Orthodox Church Of The Blessed Virgin Mary
Dormition of the Theotokos

 

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The feast of the Dormition or Falling-asleep of the Theotokos is celebrated on the twenty-eighth of August according to the Eastern Orthodox old calendar.

The Dormition fast begins on August 14 and ends on August the 28th (two-weeks). This feast, which is also sometimes called the Assumption, commemorates the death, resurrection and glorification of Christ's mother.

It proclaims that Mary has been "assumed" by God into the heavenly kingdom of Christ in the fullness of her spiritual and bodily existence.

The Holy Scriptures tell us that when our Lord was dying on the Cross, He saw His mother and His disciple John and said to the Virgin Mary, "Woman, behold your son!" and to John, "Behold your mother!" (John 19:25-27) From that hour, the Apostle took care of the Theotokos in his own home.

Along with the biblical reference in Acts 2:14 that confirms that the Virgin Mary was with the Holy Apostles on the day of Pentecost, the tradition of the Church holds that she remained in the home of the Apostle John in Jerusalem, continuing a ministry in word and deed.

At the time of her death, the disciples of our Lord who were preaching throughout the world returned to Jerusalem to see the Theotokos. Except for the Apostle Thomas, all of them including the Apostle Paul were gathered together at her bedside. At the moment of her death, Jesus Christ himself descended and carried her soul into heaven.

Following her repose, the body of the Theotokos was taken in procession and laid in a tomb near the Garden of Gethsemane. When the Apostle Thomas arrived three days after her repose and desired to see her body, the tomb was found to be empty.

The bodily assumption of the Theotokos was confirmed by the message of an angel and by her appearance to the Apostles

This great Feast of the Church and the icon celebrates a fundamental teaching of our faith—the Resurrection of the body. In the case of the Theotokos, this has been accomplished by the divine will of God.

Thus, this Feast is a feast of hope, hope in Resurrection and life eternal. Like those who gathered around the body of the Virgin Mary, we gather around our departed loved ones and commend their souls into the hands of Christ.

As we remember those who have reposed in the faith before us and have passed on into the communion of the Saints, we prepare ourselves to one day be received into the new life of the age to come. We also affirm through this Feast as we journey toward our heavenly abode that the Mother of God intercedes for us.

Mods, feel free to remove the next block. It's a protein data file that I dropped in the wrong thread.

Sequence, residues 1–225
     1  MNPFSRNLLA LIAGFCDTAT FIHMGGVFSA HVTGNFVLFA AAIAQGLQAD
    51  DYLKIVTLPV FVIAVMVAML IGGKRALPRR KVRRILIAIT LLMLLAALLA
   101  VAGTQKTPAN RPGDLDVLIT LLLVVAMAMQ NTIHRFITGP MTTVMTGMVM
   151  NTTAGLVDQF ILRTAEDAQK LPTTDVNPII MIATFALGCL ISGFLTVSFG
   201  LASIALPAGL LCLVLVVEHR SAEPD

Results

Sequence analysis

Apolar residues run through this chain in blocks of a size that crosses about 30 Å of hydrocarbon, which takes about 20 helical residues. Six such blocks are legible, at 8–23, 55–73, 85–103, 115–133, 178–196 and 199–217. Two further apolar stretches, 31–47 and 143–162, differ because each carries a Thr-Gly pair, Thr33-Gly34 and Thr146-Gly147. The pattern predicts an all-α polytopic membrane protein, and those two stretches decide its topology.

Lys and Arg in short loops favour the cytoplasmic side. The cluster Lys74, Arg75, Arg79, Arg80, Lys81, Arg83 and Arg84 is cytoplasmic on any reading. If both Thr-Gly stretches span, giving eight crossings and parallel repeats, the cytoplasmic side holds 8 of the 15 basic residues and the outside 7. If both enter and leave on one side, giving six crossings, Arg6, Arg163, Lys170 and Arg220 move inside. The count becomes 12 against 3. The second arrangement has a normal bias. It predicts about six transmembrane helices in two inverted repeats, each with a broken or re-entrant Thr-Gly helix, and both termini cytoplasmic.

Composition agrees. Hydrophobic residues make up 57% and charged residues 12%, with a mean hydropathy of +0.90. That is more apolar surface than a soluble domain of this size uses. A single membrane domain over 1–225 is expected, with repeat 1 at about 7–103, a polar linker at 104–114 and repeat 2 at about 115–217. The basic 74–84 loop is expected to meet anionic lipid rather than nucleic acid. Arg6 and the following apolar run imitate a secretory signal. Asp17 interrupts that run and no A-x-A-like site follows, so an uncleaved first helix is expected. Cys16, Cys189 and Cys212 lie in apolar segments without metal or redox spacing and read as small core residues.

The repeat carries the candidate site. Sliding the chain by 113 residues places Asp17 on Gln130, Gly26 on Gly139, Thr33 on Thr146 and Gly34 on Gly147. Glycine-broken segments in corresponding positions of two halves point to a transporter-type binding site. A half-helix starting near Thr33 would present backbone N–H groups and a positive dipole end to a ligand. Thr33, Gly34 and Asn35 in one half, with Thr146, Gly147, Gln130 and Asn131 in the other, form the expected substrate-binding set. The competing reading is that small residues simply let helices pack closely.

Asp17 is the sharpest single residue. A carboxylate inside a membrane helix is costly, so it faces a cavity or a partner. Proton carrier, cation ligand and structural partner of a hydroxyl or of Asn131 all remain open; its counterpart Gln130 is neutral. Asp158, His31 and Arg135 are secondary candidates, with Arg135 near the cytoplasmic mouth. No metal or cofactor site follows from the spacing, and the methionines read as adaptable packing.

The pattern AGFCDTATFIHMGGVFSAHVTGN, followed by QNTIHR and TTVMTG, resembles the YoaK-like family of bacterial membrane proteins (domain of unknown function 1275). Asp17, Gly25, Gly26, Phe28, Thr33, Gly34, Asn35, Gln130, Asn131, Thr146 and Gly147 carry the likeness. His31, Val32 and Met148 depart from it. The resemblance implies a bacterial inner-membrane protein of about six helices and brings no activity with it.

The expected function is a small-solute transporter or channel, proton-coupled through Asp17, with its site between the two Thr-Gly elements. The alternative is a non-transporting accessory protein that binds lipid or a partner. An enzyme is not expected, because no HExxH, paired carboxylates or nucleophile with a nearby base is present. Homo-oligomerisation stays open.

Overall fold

Through Christ she has become the mother of all of the children of God, embracing us with divine love.

The Tradition of the Church is that Mary died as all people die, not "voluntarily" as her Son, but by the necessity of her mortal human nature that is indivisibly bound up with the corruption of this world.

Finally it must be stressed that, in all of the feasts of the Virgin Mother of God in the Church, the Orthodox Christians celebrate facts of their own lives in Christ and the Holy Spirit.

What happens to Mary happens to all who imitate her holy life of humility, obedience, and love. With her all people will be "blessed" to be "more honorable than the cherubim and beyond compare more glorious than the seraphim" if they follow her example. All will have Christ born in them by the Holy Spirit.

All will become temples of the living God. All will share in the eternal life of His Kingdom who lives the life that Mary lived.

Important

Does the Mother of God, Virgin Mary, participate in the “ancestral sin?”. It is obvious that Mary, being part of the common human race issued of the first man (Adam), automatically participates in the fallen status and in the spiritual death introduced by the sin of the first man.

The Church proclaims as well that Mary truly needed to be saved by Christ as all human persons are saved from the trials, sufferings and death of this world; and that having truly died, she was raised up by her Son as the Mother of Life and participates already in the eternal life of paradise which is prepared and promised to all who "hear the word of God and keep it." (Luke 11:27-28) 

The Fathers of the Church concluded that Mary was purified (free of sin) by the Holy Spirit the day of Annunciation in order for her to become the “worthy Mother of God”.  “And the angel answered and said to her, The Holy Spirit will come upon you, and the power of the Highest will overshadow you; therefore, also, that Holy One who is to be born will be called the Son of God”(Luke 1:35).

However, even after she gave birth to the Son of God, Mary was not exempted of less serious (“Venial”) sins. St. John Chrysostom attributes to Mary the sin of vanity, in the context of the first miracle of Christ in Cana of Galilee.

It is unfortunate that the Roman Catholic Church promulgated the doctrine of the so-called “Immaculate Conception” (perfect from the beginning) in 1854, which contradicts the Orthodox traditional doctrine the Image of the Church.